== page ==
Protect Your Executives From Social Media Threats

The field of executive protection has always been a challenge for enterprise companies, and is known to grow in tandem with a company’s growth. Threats against CEOs, board members, and other executives have increased in recent years, assisted by the proliferation of social media. 

Executives, like any public figure, can be attacked online, targeted by unsatisfied customers, protests, and even competitors. The reputational risk is only part of the problem: It’s also easier than ever to acquire an executive’s private email or phone number and use fake profiles to spread it online to harass executives, their family, and their friends, without any consequences or risk to the spreaders.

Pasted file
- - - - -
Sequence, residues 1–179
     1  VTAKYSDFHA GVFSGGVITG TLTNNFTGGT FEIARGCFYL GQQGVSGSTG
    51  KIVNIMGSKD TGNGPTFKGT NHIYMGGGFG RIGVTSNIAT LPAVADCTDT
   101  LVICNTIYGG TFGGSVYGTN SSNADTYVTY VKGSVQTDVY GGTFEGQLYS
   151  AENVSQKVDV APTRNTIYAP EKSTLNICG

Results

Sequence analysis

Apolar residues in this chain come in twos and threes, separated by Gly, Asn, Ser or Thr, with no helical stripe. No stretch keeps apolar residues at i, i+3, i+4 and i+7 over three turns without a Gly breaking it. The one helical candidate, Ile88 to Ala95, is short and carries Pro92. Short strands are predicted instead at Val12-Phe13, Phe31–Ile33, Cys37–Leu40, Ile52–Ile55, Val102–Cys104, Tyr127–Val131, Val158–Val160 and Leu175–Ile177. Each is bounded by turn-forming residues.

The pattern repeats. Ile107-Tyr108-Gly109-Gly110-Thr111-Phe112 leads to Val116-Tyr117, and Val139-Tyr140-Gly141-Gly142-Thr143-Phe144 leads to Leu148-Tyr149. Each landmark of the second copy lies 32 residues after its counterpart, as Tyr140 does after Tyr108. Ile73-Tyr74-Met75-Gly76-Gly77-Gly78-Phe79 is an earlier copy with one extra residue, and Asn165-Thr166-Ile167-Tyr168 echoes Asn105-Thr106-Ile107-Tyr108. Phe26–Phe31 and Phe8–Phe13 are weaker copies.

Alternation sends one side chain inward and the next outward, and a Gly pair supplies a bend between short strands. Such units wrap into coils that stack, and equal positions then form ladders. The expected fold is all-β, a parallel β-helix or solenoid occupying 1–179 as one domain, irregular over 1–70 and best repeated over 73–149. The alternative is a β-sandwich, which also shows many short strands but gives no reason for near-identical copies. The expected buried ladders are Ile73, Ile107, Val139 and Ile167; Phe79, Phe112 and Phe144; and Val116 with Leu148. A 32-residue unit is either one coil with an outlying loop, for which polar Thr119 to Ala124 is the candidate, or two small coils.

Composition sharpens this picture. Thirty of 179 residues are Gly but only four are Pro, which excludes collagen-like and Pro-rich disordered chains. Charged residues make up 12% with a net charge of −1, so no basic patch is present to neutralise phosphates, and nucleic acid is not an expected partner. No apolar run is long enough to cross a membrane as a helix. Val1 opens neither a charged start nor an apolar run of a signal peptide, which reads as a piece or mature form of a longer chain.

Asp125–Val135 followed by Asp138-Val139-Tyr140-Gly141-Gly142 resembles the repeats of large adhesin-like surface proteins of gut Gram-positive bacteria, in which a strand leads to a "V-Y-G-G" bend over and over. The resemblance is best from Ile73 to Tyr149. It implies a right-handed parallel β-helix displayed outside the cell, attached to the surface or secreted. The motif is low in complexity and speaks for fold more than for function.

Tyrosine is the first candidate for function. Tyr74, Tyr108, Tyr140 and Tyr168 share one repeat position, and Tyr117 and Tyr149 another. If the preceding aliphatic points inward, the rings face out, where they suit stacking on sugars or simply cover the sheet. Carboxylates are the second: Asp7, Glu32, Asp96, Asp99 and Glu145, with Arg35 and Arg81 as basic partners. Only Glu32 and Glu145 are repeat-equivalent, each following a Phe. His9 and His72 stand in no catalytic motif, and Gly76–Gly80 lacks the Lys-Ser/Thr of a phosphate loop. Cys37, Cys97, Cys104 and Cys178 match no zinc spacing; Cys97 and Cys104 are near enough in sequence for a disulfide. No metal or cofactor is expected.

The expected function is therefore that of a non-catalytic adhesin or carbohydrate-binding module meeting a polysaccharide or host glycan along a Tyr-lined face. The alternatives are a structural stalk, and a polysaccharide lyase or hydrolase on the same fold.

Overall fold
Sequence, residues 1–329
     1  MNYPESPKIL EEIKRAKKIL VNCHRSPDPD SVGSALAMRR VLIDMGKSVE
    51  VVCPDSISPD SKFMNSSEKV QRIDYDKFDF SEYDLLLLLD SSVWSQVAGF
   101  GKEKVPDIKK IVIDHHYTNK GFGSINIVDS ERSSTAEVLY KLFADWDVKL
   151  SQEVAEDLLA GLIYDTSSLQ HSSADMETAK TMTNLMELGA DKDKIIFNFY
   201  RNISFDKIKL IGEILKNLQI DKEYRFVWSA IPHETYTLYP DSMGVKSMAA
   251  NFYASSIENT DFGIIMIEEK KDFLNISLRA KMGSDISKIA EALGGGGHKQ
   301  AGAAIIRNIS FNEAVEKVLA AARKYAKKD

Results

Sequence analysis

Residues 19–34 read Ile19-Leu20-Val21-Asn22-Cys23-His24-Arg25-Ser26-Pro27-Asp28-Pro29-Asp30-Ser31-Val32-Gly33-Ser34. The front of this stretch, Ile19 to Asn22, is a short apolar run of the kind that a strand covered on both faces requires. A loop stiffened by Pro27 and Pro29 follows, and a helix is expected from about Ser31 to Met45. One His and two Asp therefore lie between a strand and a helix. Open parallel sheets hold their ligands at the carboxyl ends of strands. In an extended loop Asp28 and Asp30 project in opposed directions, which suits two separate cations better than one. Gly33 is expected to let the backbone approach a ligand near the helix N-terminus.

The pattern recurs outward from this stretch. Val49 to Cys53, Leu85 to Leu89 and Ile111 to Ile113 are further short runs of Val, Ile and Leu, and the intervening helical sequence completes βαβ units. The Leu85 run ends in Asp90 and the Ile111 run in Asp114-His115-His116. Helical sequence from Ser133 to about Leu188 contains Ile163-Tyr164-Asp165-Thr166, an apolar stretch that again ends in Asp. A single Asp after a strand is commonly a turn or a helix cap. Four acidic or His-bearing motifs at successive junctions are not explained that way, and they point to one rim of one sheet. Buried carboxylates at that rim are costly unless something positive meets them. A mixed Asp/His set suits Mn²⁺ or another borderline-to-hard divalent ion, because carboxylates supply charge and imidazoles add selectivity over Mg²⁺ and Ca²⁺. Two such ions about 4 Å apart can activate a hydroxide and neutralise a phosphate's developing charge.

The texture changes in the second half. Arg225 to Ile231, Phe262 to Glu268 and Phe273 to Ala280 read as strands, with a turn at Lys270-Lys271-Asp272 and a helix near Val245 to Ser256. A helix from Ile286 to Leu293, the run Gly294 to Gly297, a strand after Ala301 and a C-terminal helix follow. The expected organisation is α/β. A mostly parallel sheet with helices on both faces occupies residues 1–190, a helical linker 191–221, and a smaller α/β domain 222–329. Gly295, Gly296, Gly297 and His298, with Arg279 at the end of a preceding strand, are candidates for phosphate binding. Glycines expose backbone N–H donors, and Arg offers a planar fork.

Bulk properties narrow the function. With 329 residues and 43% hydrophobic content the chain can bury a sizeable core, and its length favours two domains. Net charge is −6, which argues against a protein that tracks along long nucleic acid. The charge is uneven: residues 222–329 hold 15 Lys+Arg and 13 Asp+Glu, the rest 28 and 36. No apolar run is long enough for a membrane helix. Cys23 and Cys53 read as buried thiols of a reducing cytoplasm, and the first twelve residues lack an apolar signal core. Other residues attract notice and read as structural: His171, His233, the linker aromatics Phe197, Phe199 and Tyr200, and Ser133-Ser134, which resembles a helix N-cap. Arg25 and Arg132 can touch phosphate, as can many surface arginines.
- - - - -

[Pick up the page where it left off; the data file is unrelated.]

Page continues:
Another rising risk is private information being stolen: even the most advanced cybersecurity systems have breaches that can be taken advantage of by bad actors, which is why cybersecurity teams are always on the lookout for indications of compromise (IOC). The most famous example of blackmail and extortion following data theft is probably Jeff Bezos, but this kind of attack isn’t limited to Fortune 500 companies. Even smaller businesses executives, like the CEOs of an Australian whisky company or of a cybersecurity firm faced data theft and blackmail attacks.